It's assumed that every web designer has had at least some training to understand which image format should be used in different cases, but many developers did not get this kind of training although they have to deal with images, too. So it's not a bad idea to give out a few pieces of advice.
Using PNG for maximum quality may be a bad idea
Some clients, with a limited understanding of how web works, ask for very high image quality and suggest to use PNG, since it's a lossless format. This is a very bad choice: saving in JPEG with a comparable quality produces significantly smaller files without a noticeable difference in quality. Always make tests and compare the results if superior image quality is asked for; you may easily save hundreds of kilobytes per image.
Don't be scared by SVG
SVG is a relatively recent addition, and it's also the most complicated graphical format to handle. That explains why not everyone uses it and, when dealing with a company's logo, the preferred choice is PNG. But using an SVG logo is certainly the best choice around for this kind of graphics. Logos usually are vector graphics: PNG converts it to a bitmap format, while SVG keeps it native. The vector version will be smaller and crisper at every resolution. Recently, SVG has added another point to its score: it's the ideal solution for retina displays. You don't need to have two versions of the same image, one normal and one for high-res displays, as with all other formats: one SVG will fit all.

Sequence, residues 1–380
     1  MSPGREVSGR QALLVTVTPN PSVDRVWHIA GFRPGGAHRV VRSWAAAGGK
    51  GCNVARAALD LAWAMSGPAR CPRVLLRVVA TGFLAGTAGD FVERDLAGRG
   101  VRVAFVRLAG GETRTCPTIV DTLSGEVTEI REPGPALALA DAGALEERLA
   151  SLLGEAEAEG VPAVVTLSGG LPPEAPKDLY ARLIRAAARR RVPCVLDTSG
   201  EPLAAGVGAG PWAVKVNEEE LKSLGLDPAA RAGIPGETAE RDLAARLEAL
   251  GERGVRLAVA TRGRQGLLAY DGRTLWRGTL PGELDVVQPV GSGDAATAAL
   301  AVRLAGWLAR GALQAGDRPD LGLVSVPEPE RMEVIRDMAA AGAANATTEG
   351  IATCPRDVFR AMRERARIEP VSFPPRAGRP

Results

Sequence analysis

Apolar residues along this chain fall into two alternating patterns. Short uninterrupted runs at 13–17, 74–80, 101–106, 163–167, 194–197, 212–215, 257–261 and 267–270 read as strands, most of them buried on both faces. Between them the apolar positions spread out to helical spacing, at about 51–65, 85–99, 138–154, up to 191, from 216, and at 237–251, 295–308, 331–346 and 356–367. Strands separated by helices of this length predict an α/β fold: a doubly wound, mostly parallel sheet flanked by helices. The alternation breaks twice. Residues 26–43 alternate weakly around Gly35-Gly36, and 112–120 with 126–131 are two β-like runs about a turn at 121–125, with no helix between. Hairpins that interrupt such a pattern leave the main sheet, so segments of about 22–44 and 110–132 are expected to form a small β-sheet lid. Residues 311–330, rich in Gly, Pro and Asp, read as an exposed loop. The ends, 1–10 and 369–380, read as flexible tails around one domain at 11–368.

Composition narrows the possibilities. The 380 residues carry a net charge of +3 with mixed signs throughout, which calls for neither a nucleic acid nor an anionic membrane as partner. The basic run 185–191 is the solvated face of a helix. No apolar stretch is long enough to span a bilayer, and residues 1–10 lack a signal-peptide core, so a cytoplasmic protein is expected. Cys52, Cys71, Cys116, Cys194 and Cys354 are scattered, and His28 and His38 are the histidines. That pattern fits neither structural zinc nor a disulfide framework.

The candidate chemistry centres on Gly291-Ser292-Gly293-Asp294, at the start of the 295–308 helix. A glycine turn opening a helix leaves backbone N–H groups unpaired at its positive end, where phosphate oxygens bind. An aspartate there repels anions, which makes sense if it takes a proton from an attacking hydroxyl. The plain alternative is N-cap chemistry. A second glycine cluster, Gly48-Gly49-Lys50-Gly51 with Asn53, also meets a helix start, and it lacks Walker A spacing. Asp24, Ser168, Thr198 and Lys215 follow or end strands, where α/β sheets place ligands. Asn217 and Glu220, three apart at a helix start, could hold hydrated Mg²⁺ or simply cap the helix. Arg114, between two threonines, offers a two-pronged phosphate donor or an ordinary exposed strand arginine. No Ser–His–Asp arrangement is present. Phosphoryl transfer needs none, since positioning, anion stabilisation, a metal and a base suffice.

Sometimes you simply don't have to optimize
Optimization is a word with a positive nuance, but when you optimize you lose something, and sometimes the compromise is simply unacceptable. When producing a full-screen background header image, it's best to make it very big so that it can cover most of the resolutions without scaling up too much. The common breakpoint for that is the typical 1920 x 1200 pixels of high-end displays, and most background images fit this resolution. Unfortunately, when dealing with larger screens, these images often fail to properly fit into the available space because the height of the header stays pretty much the same, while the width is considerably larger. In such a case you need a different background image with a proper ratio. It will be much larger than your original one and you will be probably scared by it's size (but if you use proper media queries, it will be rarely downloaded), but it's better than to show a misplaced header to some users (with high-end equipment).